Mental Health

Pre-Commitment Investigation


Pre-Commitment Investigation falls into two categories, involuntary and voluntary commitment. The involuntary commitment process is explained in detail below. If you have questions, please view the Frequently Asked Questions (FAQ) page.

Involuntary Commitment

The State of Oregon has a set of laws and procedures to cover situations when a person is behaving in a way that appears to require inpatient psychiatric hospitalization for the person's own safety or for the safety of the community.

The reasons for involuntary commitment of a mentally ill person to a hospital are very specific and exclusive.

Any person who is to be committed involuntarily

Must be diagnosed with a chronic, severe mental illness (for example, schizophrenia or a major mood disorder).


Must pose an imminent threat of harm to themselves or others, and/or show inability to care for their own basic needs to the point they become a danger to themselves.

Steps in a typical involuntary commitment process:

  1. Identifying at-risk behavior
    1. Police who observe behavior that appears to be dangerous can take a person directly to a hospital emergency room for evaluation.
    2. A county mental health worker can request that police find and deliver an allegedly mentally ill person to a local emergency room if there is believed to be urgent need to commit.
    3. Hospital staff can directly request a mental health evaluation of an individual who came to the emergency room for medical problems but is thought to be in need of commitment.
    4. Any two people in the community who are concerned about a person's safety due to serious, dangerous mental health or emotional problems can petition for involuntary commitment.

      Note: Family members, friends, or acquaintances that seek commitment of a person go to the community mental health program serving their county, where a staff member will interview them.
  2. A pre-commitment investigation or hearing
    1. If a commitment hearing appears necessary, two persons (petitioners) will be asked to sign a petition form. After the form has been filled out and signed, the Circuit Court is notified.
    2. A pre-commitment investigation is conducted by the community mental health program. The mental health worker conducting the investigation will interview the allegedly mentally ill person at home or in some other familiar setting if possible.
    3. A copy of the investigation report will be sent to the court.
  3. Court Hearing
    Upon receipt of the investigation report:
    1. the court will order that a hearing be held or will dismiss the petition, depending on the recommendation of the investigator.
    2. the allegedly mentally ill person is notified, and a copy of the investigation report and a hearing citation are given to the person and his or her attorney if a hearing is ordered.
    3. the court will conduct a hearing to determine whether or not the person requires involuntary commitment. The person will have an attorney at the hearing.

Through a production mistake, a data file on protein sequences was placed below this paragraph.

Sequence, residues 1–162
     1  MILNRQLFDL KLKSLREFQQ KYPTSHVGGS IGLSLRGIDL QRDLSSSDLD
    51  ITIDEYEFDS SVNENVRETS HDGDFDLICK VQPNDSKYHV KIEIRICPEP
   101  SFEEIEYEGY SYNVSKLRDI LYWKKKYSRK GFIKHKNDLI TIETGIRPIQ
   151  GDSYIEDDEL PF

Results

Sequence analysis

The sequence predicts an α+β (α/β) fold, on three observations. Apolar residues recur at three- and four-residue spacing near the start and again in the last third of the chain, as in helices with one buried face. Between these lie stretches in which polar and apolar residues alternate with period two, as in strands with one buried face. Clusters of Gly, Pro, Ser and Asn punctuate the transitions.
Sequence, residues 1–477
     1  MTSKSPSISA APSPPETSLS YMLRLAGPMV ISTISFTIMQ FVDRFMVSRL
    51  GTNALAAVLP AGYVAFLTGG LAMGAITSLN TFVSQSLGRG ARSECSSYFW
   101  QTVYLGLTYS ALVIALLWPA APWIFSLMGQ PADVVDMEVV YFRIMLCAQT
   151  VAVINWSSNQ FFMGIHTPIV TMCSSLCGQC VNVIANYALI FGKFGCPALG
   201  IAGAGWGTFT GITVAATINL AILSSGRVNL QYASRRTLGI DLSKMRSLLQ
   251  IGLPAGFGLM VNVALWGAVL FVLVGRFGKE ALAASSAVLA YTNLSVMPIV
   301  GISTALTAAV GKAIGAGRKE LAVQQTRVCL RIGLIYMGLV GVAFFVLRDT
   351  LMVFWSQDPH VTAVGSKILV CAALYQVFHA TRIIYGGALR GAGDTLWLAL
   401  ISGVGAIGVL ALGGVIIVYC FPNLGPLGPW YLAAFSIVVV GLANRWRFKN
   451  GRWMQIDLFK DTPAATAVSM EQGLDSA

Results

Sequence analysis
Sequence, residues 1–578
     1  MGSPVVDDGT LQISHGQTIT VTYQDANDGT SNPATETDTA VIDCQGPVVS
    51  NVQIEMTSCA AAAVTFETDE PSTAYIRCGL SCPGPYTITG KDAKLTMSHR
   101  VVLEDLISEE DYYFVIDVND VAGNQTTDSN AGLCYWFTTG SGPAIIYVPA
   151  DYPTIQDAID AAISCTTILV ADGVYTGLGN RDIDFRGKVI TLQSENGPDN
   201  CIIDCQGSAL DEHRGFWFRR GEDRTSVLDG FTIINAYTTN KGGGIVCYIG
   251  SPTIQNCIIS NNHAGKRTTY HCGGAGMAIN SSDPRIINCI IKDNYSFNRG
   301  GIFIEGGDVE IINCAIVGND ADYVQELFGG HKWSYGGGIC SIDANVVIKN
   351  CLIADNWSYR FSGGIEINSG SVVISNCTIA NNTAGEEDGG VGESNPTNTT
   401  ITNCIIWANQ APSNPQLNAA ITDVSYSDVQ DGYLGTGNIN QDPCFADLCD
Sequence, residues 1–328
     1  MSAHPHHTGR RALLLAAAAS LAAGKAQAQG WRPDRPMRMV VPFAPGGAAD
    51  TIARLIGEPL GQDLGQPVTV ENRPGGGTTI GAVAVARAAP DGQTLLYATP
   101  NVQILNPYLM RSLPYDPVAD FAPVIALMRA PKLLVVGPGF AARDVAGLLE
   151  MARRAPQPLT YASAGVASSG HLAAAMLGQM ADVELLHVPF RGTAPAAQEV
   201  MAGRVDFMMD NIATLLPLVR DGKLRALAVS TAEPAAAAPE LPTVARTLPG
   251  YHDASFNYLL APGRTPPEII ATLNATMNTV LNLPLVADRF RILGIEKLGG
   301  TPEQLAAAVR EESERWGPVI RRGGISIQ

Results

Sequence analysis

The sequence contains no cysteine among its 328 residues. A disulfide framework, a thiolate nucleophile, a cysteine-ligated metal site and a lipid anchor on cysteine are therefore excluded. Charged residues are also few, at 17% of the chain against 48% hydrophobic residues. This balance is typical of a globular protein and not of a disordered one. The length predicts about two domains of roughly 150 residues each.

4. Court Decision
    Upon completion of the hearing, the court will decide one of four courses of action:
    1. to end the hearing because the person is not mentally ill, or
    2. to release the person and dismiss the case because the person agrees to voluntary treatment, or
    3. to release the person conditionally to the custody of a responsible relative or other interested party who is willing and able to care for the person, or
    4. to commit the person involuntarily to the State Mental Health Division for up to 180 days (six months) of treatment.
  5. Involuntary Commitment.
    If the court's decision is to commit the person involuntarily to the Mental Health Division the community mental health program will arrange admission to a treatment facility, which will serve the person's needs.
    1. The person is placed in the treatment facility for up to 180 days of treatment and care. The person may be conditionally released to the community during that time if the need for inpatient care diminishes to a point that the person appears able to continue treatment successfully in the community.
    2. At the end of the 180-day period, either the person will be released or the Mental Health Division will certify to the court that the person is in need of further treatment for up to another 180 days. The person has the right to protest this action, in which case the court is required to conduct another hearing.

If you have questions, please view our Frequently Asked Questions (FAQ) page.





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Lebanon, OR 97355

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Sweet Home, OR 97386

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Open on some Fridays, call ahead to confirm.

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see Crisis Services information

Other Resources

Oregon Department of Human Services
Oregon Mental Health
National Alliance for the Mentally Ill
Oregon Advocacy Center
Internet Mental Health
New Solutions Referral Form
Mid-Valley Behavioral Care Network
All MH Links

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